On Air Now
The Capital Weekender with JJ 7pm - 10pm
The brother of a soldier fatally injured by an improvised bomb in Afghanistan broke down in tears today (Friday May 11th) as hundreds paid their last respects.
Sapper Connor Ray, 20, of 33 Engineer Regiment (Explosive Ordnance Disposal) was given full military honours at his funeral at St Woolos Cathedral in Newport, south Wales.
He was injured during a search and clearance operation in the Nad-e Ali district of central Helmand near Checkpoint Kahmanan on April 11.
Sapper Ray was part of a mission to clear a compound previously used by insurgents, allowing local people to safely return to the area, when he was seriously injured in an IED blast.
He was taken to Camp Bastion Role 3 Hospital and later transferred to Queen Elizabeth Hospital, Birmingham, where he died on April 18, a day before his 21st birthday.
More than 500 people attended his funeral service at St Woolos this afternoon.
Among those paying tribute was Sapper Ray's brother Vinnie.
Mr Ray, whose mother died of cancer in 2008, said: ''I always wanted to do whatever Connor was doing.
''He wasn't just my brother - he was my best friend.
''I wish it was me in that coffin and not him.
''I know you're up there with mum - tell her I love her.''
Born in Southampton, Sapper Ray spent his early years in Bishopstoke - close to where his mum Tina was raised.
His family, which included two sisters and a brother, later moved to start a new life in Newport, south Wales, after his mother had met Steve in 2002.
Sapper Ray's childhood friend Mike Pagenton, who also spoke at the service, said his music loving pal had settled in well and was popular among classmates at St Julian's Comprehensive School.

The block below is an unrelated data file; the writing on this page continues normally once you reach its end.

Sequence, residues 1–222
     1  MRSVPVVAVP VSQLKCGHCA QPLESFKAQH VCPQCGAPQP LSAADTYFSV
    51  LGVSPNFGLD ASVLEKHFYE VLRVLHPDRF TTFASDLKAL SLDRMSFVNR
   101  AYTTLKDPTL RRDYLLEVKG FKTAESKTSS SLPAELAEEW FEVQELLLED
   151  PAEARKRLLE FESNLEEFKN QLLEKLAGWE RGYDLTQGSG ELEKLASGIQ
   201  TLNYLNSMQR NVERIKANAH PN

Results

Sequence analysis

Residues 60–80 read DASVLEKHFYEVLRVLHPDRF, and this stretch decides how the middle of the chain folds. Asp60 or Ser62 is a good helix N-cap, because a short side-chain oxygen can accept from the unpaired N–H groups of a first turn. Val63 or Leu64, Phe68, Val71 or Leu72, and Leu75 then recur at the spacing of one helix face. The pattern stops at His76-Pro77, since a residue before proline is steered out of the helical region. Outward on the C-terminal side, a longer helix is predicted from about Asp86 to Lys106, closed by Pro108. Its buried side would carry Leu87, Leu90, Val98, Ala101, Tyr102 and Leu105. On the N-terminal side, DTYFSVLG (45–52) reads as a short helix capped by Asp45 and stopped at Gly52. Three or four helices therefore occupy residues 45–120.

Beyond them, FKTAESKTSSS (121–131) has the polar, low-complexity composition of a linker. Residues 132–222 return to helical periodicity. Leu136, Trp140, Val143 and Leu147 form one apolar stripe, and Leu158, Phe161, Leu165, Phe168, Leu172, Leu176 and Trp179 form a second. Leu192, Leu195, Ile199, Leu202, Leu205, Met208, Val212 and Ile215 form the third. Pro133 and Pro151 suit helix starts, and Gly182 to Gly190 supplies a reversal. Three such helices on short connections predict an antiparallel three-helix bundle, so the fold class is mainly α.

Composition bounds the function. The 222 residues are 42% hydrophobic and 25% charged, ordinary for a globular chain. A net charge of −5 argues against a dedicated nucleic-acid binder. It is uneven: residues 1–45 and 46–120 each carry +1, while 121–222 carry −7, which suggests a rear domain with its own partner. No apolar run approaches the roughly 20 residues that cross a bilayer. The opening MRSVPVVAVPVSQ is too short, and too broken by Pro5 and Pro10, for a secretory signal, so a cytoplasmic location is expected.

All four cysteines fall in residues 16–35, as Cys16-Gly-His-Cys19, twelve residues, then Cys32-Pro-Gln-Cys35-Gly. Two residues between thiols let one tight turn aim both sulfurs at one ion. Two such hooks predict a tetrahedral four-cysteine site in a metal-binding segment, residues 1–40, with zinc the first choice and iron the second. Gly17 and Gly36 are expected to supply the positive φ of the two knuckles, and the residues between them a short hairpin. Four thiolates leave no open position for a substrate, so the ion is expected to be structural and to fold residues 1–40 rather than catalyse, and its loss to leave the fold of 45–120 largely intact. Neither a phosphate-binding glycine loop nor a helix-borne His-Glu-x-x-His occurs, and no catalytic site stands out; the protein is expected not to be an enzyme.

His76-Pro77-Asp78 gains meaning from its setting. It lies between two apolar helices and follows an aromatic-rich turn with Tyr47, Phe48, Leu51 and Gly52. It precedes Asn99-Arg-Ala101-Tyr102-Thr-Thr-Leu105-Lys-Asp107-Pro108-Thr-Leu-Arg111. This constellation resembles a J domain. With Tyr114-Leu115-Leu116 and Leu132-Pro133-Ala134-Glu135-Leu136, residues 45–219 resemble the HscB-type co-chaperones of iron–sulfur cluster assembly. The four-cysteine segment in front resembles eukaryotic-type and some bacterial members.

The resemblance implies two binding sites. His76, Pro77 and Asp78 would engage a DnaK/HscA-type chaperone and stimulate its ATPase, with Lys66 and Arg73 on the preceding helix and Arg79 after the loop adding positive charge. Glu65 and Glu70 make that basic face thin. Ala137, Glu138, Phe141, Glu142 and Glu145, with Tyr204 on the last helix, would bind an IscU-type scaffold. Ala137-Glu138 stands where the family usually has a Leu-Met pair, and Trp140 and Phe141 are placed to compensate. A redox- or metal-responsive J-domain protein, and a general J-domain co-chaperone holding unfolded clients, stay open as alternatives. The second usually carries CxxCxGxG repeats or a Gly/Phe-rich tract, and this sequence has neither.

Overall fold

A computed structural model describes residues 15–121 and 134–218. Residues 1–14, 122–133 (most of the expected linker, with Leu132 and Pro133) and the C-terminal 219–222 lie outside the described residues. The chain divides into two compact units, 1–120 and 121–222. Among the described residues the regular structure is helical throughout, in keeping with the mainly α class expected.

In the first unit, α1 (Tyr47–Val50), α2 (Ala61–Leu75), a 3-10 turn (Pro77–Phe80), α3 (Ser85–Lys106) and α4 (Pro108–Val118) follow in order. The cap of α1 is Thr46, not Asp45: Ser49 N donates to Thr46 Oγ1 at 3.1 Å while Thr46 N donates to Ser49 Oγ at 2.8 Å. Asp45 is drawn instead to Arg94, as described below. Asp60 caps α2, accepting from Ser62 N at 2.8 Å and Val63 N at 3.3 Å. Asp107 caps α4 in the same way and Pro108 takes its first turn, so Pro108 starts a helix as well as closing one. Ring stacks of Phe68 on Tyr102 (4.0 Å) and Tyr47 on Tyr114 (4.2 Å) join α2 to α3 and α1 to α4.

''He was one of the type of person that would always would leave you with a smile on your face.
''There have been so many experiences that we have shared and that I will never forget.''
Among his favourite memories included power-ballad fan Sapper Ray being devastated when 1980s themed nightclub Reflex closed down, as well as his countless practical jokes.
He added: ''You were a true friend, a hero and a warrior.''
Sapper Ray began joined the army in 2008 - however, just as his new career began, his mother was diagnosed with terminal bowel cancer.
She died before getting to witness her son take part in his passing-out parade.
A family spokesman added: ''She would have been very proud of him, knowing what a true gent and hero he turned out to be, as is the rest of the family.''
His commanding officer Simon Bell said Sapper Ray was irreplaceable member of his regiment - saying he had helped saved countless civilian lives in Afghanistan by locating numerous clandestine roadside bombs.
''This regiment has lost an inspiring young soldier, who was certainly going places,'' he added.
Mourners sang the hymn Abide With Me, before Sapper Ray's Union flag-draped coffin was led out of the cathedral by Padre Robin Richardson, while six officers fired a three-shot military gun salute.
Following his funeral service, a private committal service for family and close friends took place at Gwent Crematorium.
Sapper Ray leaves behind his brother Vinnie, sisters Hollie and Bonnie, stepfather Steve, grandparents Leo and Linda, and his girlfriend Hollie.
His family say they plan to honour his memory through the online Connor Ray appeal fund - with proceeds going to Armed Forces Charity Help For Heroes.